MN Boat Repair & Maintenance
Labor Day has come and gone. Shocking but true! Where does the time go? It’s also the unofficial end of boating season. Many boaters also target Labor Day weekend as the right time to take their boat out of the water before the cold weather hits. To prevent the spread of zebra mussels, spiny waterfleas, faucet snails, or other prohibited invasive species, the Minnesota DNR is reminding boaters and anglers to continue to take extra precautions when removing their watercraft or water-related equipment out of the water for the season. They should be sure to inspect it and see if aquatic invasive species are attached.
People should look on the posts, wheels and underwater support bars of docks and lifts, as well as any parts of boats, pontoons and rafts that may have been submerged in water for any extended period. In newly infested waters, adult zebra mussels may not be abundant, so there may only be a few mussels on a piece of equipment.
If you are a water recreationist (boater, angler, water-skier, sailor, Jet Ski user or canoeist) there are some important things you can do to prevent the transport of harmful invasive species from one lake or river to another. In Minnesota it is illegal to transport aquatic invasive species.
These mussels encrust docks and boats and attached mussels can increase drag on boats. Small mussels can get into engine cooling systems causing overheating and damage. Increased hull and motor fouling will result in increased maintenance costs on vessels moored for long periods of time. The weight of attached mussels can sink navigational buoys. Zebra and quagga mussels also impact fish populations and reduce sport-fishing opportunities. Their sharp shells can cut the feet of swimmers, beach goers, and dogs.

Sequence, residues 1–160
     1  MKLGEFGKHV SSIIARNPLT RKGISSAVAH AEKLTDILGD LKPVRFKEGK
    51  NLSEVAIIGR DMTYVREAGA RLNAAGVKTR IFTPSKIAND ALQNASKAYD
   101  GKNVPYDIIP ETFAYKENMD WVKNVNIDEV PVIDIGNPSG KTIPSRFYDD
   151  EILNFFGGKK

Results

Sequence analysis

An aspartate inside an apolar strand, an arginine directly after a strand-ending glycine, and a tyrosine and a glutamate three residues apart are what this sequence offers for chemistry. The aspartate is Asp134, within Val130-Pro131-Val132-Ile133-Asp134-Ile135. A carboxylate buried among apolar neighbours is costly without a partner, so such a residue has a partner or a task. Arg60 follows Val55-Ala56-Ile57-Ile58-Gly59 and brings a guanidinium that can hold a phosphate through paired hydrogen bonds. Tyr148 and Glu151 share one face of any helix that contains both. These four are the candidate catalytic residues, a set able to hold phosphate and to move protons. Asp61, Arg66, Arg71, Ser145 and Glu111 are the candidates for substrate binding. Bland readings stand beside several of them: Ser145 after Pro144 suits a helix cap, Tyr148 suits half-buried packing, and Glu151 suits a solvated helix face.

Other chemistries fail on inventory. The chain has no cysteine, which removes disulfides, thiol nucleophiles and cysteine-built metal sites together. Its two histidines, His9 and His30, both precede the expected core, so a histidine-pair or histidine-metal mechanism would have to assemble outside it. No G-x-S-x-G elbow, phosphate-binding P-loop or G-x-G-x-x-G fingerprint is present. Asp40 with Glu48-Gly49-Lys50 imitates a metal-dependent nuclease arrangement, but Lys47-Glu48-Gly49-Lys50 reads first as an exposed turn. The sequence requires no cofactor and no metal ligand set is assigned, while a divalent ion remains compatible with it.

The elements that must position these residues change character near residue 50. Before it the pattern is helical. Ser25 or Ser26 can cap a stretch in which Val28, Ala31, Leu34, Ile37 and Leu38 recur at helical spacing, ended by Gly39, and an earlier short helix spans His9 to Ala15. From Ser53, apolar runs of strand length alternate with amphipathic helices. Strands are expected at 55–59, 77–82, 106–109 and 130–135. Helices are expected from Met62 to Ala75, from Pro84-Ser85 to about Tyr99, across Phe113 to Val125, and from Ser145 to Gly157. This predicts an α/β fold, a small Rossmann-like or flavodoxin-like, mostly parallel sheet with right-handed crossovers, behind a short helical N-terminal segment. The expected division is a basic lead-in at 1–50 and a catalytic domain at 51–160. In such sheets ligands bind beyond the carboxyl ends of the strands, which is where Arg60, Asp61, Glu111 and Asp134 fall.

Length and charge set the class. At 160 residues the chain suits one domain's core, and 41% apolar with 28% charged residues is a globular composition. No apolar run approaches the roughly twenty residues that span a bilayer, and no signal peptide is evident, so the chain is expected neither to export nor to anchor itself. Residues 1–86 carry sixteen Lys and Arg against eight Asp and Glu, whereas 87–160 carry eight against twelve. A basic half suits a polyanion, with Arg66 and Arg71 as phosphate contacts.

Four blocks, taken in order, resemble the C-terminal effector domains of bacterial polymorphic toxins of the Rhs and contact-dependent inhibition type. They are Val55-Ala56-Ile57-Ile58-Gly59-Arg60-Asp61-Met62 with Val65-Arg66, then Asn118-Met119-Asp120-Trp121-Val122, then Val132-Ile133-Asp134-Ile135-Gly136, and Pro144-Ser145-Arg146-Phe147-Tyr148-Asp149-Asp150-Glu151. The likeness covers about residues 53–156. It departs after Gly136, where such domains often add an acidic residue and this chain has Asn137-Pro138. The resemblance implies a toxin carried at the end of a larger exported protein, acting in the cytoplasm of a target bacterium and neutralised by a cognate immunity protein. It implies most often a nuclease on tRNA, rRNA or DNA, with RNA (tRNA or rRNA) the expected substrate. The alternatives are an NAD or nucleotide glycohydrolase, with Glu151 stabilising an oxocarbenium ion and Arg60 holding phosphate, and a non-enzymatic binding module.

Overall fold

Remember that watercraft and all water-related equipment can spread AIS. This includes fishing boats, jet skis, wakeboard boats, sailboats, scuba gear, float planes, canoes, kayaks, all fishing gear, waders, docks, boat lifts, moorings, and waterfowl hunting gear.
We need everyone’s help to protect the lakes, rivers and streams that we all cherish! Do your part to Help protect Minnesota’s waters from invasive species! Remember to Clean, Drain and Dry!
To date, DNR aquatic invasive species (AIS) inspectors and conservation officers have reported 3,808 contacts with boaters and other water recreationists which have resulted in 369 violations – nearly a 10 percent violation rate. Failure to remove the boat plug is the most often cited violation.
Documentary: Aquatic Invasive Species – Minnesota Waters At Risk (25 minutes)